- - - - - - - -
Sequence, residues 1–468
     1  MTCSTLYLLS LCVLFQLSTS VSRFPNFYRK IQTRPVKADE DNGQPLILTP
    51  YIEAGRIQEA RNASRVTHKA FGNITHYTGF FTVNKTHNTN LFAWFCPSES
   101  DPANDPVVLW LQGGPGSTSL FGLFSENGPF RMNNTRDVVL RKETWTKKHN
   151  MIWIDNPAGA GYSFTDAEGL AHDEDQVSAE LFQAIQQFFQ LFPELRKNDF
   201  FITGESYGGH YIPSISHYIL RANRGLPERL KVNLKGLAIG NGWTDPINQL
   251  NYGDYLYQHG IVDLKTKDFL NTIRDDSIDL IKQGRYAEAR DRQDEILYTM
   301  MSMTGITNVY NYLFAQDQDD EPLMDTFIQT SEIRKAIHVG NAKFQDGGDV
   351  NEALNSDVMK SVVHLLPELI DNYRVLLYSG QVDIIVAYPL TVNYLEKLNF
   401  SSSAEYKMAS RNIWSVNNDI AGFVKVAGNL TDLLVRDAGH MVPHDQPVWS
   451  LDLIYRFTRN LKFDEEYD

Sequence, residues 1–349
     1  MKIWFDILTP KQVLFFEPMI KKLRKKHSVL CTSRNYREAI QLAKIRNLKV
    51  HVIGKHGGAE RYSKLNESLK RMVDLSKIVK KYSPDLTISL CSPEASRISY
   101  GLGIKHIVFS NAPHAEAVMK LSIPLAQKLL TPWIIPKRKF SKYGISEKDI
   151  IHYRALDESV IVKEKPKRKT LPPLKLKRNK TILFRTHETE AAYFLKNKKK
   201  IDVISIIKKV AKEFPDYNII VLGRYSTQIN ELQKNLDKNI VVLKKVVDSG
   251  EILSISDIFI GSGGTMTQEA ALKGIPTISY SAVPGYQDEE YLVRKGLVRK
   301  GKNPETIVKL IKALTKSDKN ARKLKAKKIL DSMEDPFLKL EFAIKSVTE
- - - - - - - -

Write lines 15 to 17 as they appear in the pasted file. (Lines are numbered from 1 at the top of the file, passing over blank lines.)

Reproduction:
   101  GLGIKHIVFS NAPHAEAVMK LSIPLAQKLL TPWIIPKRKF SKYGISEKDI
   151  IHYRALDESV IVKEKPKRKT LPPLKLKRNK TILFRTHETE AAYFLKNKKK
   201  IDVISIIKKV AKEFPDYNII VLGRYSTQIN ELQKNLDKNI VVLKKVVDSG